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14 November 2002


Yesterday, I suddenly found a new way to look at what's been giving me stress and inspiration and joy and despair and uncertainty for, oh, forever. (Or maybe just the last couple of years.) It's not that I didn't understand it before, but something just clicked last night on how to see it and how to describe it.

Basically, what I have is a heart, a spirit, a will, completely committed to trying to make people's lives better, to make the world a better place. It's a simple and clear thing inside of me, an insistent voice that drives me. It makes it impossible for me to see my life spent doing anything that's not in the service of people. It's the emotion that surges up every time I see or hear about suffering. It's the energy that keeps telling me over and over again to keep going. It's the feeling that I will never be happy with myself as a human being unless I am working for positive change.

That's all well and good. But the problem, you see, is in my head. It's very easy to have the will to make the world a better place. It's hard to figure out how to do it. That confusion is what drives me insane with frustration about what I'm going to do with my life, how to figure out how I can possibly make as much difference as I want to make.

The cynicism, the depression, the hopelessness, that's in my head too. Oh, it's something I very much feel, but it stems from ways of thinking. As heartsick as I get from seeing pain and suffering and injustice, that would only drive my heart on all the more were it not for my head endlessly analyzing, "That's never going to get better. People are cruel, and it's too huge a problem for you to have any impact."

It's the thoughts and the interpretations and the analyzing that are my politics. As heart-driven as all of my political views are, they have to essentially come from the head. As my head wavers around, furiously debating the benefits of liberalism versus radicalism, of what policies can do the most good and what strategies can best get there, of what society is ideal, the way I feel never changes. I just get stressed out and frustrated when my head can't figure out the right thing to do as easily as my heart feels it should. People who have the same heart's-goal of doing good for others can come to different political answers. There are people who care about people who are radical leftists, and liberals, and moderates, and conservatives. I think that you're much more likely to find people without that sort of commitment and love on the right than you are on the left, but that doesn't mean there aren't people who want to make the world a better place and decide using their heads that conservative policies are the way to go.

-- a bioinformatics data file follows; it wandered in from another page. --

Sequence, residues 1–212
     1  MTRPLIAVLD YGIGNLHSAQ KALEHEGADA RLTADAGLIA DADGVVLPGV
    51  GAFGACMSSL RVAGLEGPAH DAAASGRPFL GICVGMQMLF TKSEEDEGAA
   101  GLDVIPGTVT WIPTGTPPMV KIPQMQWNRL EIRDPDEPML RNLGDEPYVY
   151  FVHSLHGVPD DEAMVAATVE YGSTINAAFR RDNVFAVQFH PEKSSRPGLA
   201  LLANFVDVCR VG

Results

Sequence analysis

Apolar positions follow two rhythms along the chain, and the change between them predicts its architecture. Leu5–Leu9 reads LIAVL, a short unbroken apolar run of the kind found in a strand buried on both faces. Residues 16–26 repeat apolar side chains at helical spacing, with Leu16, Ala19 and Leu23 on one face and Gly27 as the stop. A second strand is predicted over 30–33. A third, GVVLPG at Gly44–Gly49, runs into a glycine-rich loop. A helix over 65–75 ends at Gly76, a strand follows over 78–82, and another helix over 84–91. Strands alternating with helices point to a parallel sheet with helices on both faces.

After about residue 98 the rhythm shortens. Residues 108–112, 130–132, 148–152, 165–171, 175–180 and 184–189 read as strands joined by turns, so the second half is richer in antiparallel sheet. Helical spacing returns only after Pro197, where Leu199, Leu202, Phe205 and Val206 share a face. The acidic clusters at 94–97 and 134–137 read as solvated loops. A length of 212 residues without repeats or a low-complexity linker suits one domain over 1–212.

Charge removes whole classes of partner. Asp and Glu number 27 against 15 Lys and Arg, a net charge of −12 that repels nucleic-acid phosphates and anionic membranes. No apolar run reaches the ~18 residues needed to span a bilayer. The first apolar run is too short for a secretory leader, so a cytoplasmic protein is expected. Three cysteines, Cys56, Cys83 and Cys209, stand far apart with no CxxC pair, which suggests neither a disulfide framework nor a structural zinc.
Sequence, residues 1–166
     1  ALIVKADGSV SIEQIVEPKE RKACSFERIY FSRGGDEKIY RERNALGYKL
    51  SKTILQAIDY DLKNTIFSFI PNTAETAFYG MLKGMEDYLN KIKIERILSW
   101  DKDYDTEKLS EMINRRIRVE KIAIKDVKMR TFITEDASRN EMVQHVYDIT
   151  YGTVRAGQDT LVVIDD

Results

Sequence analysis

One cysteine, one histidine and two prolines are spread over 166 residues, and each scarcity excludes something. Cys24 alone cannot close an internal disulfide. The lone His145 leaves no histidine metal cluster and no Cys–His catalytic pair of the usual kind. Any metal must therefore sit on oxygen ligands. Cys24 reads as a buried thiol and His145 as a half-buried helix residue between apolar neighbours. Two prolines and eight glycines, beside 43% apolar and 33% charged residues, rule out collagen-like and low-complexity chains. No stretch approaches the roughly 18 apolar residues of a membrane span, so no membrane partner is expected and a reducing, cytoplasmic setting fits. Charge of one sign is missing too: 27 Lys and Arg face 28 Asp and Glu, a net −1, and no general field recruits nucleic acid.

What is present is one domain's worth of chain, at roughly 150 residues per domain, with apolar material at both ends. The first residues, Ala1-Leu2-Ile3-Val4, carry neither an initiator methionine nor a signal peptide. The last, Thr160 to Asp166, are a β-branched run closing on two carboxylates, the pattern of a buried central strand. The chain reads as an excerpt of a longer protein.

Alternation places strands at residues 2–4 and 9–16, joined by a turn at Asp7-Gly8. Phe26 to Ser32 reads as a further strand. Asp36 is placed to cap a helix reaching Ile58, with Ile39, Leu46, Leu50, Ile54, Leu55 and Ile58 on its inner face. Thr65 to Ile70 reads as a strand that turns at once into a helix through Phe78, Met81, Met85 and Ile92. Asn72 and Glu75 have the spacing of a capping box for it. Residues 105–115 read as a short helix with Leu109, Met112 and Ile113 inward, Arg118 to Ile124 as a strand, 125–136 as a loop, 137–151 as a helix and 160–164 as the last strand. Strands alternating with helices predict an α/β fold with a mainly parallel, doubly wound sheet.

(Sometimes I wish that there was some way to definitively weed out the people working for self-interest or for the good of a select few. If, say, we could tell which Republicans support welfare reform because they feel that it will genuinely do people good, as opposed to those who just think that people who don't work don't deserve other people's money. Because then we could actually argue things, and we'd have a much better and purer debate that might help us figure out what's actually best for people. Instead, people who really don't care about the good of the whole come up with right-wing arguments and say that they're doing things on principle because they can't come out and say that they could care less about the real people whose lives they hurt. But they're loud, and they influence the debate, and their rationales influence people who take them at face value.)

It's that heart-drive that Paul Wellstone had, and it's what people who are on target have appealed to in honoring his memory. He loved people, and his heart was devoted to making people's lives better, and he used his head to figure out how to do it. He had no other motivation to be a senator but to serve people, and it was beautiful. When Colin asked last night, "How is Paul calling you?" and Tom Daschle said that we should enlarge ourselves so that Paul lives on in us, that's what they meant. The choices are in the head, and I disagreed with Paul on some of the decisions he made with his head and agreed with him on many others. But above all, his heart was full to overflowing with the love and drive to work and fight for humanity.

If I can get my heart big enough to hold half of that spirit, it would be amazing. That's what I'm trying to take from all of this. That love that was the soul of who he was has left a giant hole for all of us, a cold emptiness that hurts. But if somehow the rest of us can add to the love in our own hearts, to do with whatever our head chooses, then as sad as this continues to be, it can't have been in vain. I need to keep his memory with me to feed that fire, to keep me going every time my head stumbles or discourages me. He found beautiful ways to use that passion and energy, and my head needs to think about why he lived his life the way he did and what I can learn from that. But even if I decide all his choices are not for me, I can think of no better goal for all of my life than to aspire to a heart like his.




 

Last updated 15 November, 2002

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Intellectual Property Rights denounced by Britt Gordon-McKeon, 2002